Over the past few years, organisations have been combining their operational technology (OT) and IT networks, mainly due to the widespread use of Industry 4.0 and the industrial internet of things (IIoT).
However, this convergence has led to significant difficulties such as open access, lateral movement, friction between OT and IT teams, poor visibility and management, and alert fatigue.
To overcome these challenges, organisations need to implement key solutions.
First, they should identify their assets, classify them and prioritise their value. This involves creating a comprehensive inventory of all network assets, categorising them based on importance to the organisation. By doing so, organisations can focus their security efforts on their most critical assets, ensuring that they receive the appropriate level of protection.
Another critical solution is to segment the network dynamically. This involves dividing the network into smaller, isolated segments that restrict lateral movement and limit the spread of cyberattacks. By creating even smaller segments that restrict communication between devices only to what is required for their intended function, organisations can prevent attackers from moving laterally across the network.
Analysing traffic and scanning environments for threats and vulnerabilities is essential.
By monitoring network traffic for suspicious activity such as malware infections, data exfiltration and unauthorised access, organisations can identify vulnerabilities in their network and take steps to address them before they can be exploited by attackers.
By conducting regular vulnerability scans, organisations can identify potential weaknesses and gaps in their OT and IT systems, including outdated or legacy OT systems.
Controlling identity and access management is crucial to secure converged networks.
By implementing a robust access control mechanism that restricts access to sensitive systems and data to authorised personnel only, with a strong authentication and authorisation system that ensures users are who they claim to be, organisations can prevent unauthorised access.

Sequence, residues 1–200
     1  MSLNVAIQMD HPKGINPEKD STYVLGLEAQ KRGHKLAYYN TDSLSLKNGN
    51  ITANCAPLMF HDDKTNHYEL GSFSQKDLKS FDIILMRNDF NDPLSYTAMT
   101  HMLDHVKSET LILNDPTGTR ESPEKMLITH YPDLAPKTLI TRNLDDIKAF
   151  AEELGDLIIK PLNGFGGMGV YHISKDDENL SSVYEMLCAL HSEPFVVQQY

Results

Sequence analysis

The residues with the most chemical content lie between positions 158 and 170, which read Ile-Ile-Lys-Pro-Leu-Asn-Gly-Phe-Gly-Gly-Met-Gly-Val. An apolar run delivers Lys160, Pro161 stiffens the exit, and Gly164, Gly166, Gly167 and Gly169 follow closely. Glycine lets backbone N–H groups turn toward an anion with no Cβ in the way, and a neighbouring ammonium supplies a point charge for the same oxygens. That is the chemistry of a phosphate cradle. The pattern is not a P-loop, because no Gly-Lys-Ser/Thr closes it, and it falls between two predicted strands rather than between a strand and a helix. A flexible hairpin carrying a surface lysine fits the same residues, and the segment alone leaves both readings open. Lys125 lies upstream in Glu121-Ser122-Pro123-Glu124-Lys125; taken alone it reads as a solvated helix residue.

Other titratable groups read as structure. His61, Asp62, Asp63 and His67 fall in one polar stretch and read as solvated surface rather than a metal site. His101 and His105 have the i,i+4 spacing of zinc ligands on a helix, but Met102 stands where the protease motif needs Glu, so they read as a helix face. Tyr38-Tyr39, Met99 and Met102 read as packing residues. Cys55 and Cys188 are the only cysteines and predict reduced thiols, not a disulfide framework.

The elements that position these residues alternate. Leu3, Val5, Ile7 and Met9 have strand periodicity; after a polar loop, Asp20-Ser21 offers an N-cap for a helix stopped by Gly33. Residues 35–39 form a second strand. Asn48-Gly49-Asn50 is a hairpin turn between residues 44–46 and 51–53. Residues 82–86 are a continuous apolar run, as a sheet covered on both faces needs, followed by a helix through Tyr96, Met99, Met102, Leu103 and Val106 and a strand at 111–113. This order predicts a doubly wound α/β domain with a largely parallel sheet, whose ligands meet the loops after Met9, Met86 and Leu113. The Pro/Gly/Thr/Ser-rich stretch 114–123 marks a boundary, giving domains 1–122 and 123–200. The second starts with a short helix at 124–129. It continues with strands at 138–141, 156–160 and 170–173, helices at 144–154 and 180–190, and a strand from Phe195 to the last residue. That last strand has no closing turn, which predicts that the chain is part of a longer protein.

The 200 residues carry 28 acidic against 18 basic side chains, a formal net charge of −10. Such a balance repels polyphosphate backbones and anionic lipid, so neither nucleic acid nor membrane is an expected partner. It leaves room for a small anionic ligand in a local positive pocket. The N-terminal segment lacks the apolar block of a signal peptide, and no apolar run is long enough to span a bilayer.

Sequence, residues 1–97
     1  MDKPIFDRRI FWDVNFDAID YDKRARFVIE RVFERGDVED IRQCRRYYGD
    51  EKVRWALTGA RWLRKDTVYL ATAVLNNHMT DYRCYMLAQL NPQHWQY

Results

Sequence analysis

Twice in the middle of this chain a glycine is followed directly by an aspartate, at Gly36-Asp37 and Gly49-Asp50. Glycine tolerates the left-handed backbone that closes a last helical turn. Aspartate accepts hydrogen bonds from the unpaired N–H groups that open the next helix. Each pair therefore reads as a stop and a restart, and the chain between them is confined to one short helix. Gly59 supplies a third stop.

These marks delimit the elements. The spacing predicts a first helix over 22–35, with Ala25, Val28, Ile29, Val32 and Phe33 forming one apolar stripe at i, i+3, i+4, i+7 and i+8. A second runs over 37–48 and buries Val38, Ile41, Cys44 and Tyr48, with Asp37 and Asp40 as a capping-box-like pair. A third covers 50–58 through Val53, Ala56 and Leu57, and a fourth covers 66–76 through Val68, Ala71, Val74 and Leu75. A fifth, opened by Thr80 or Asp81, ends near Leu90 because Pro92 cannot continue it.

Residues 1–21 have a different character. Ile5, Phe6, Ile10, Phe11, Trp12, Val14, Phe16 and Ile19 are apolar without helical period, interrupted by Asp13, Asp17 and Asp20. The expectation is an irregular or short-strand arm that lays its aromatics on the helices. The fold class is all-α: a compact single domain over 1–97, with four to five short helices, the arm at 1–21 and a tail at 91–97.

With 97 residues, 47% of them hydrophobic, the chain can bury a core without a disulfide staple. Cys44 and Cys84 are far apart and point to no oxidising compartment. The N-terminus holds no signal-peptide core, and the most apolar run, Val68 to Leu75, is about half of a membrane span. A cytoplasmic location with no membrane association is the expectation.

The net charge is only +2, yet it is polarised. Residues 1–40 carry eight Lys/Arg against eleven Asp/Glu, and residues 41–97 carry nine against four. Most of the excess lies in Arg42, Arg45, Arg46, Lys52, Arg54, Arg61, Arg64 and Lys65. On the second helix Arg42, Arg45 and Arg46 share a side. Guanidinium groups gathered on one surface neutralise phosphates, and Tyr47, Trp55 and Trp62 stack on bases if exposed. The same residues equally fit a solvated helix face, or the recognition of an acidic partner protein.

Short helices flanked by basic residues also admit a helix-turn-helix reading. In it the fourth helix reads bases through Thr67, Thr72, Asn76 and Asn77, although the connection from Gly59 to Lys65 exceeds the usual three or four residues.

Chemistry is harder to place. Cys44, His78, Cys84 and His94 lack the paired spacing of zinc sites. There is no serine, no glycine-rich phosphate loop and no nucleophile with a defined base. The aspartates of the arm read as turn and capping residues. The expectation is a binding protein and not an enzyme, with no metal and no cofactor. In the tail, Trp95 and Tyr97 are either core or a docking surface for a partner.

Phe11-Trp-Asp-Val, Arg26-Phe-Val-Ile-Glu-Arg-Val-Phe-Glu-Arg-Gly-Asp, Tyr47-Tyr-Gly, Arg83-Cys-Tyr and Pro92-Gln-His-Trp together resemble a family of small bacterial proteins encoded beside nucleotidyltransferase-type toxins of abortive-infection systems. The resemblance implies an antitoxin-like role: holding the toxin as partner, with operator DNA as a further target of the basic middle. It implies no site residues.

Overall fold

Furthermore, specialist OT network access control solutions are essential to address the unique security challenges of OT/IT convergence. Traditional NAC solutions primarily designed for IT networks may not adequately cater to the specific requirements and complexities of OT environments.
Securing wired and wireless access is essential and involves implementing strong encryption and authentication mechanisms for both wired and wireless access points. Network traffic must be monitored to identify any suspicious activity or unauthorised access attempts.
Endpoint detection and response (EDR) solutions are an integral part of securing converged OT/IT networks. By continuously monitoring endpoints for suspicious activities and behaviours, EDR solutions enable real-time threat detection, incident response and forensics.
They provide detailed visibility into endpoint activities, allowing for rapid identification and mitigation of advanced threats, thereby bolstering the overall security posture and resilience of OT/IT networks.
The CISO/CIO plays a crucial role in managing the convergence of OT/IT networks. They are responsible for implementing effective security measures, ensuring compliance with regulations, identifying and mitigating risks and promoting collaboration between IT and OT teams.
“As more companies work towards IT/OT alignment, the CIO and the IT organisation will be at the forefront of fostering relationships and changing the culture of the organisation,” said Kristian Steenstrup, distinguished analyst and Gartner fellow. “This will require a hybrid of traditional IT and OT skills and development of new intellectual property, while experience external to the company will be tapped into to assist with cross-topic education.”
OT/IT convergence is a huge risk in South Africa, where organisations are often targeted by cybercriminals due to the perceived weakness of their security systems. This is because many companies in South Africa may not have invested sufficiently in their cybersecurity systems and infrastructure.
Secondly, the country has a lack of skilled professionals with expertise in both OT and IT systems, which makes it challenging for companies to manage the convergence effectively. Many South African companies may also have outdated or legacy OT systems, which are more vulnerable to cyberattacks.
Finally, South Africa has a unique regulatory environment, and there may be compliance issues that companies must consider when implementing cybersecurity solutions for OT/IT convergence. All of these factors make OT/IT convergence a challenge for local organisations, which need a comprehensive approach to address these issues and ensure their networks are secure and resilient.
Speak to Maxtec to see how you or your clients can safeguard critical OT infrastructure from cyber threats. Contact us for a free assessment or a demo and see how you can become a converged OT/IT security leader. Alternatively, visit www.maxtec.co.za or call 011 803 6635.
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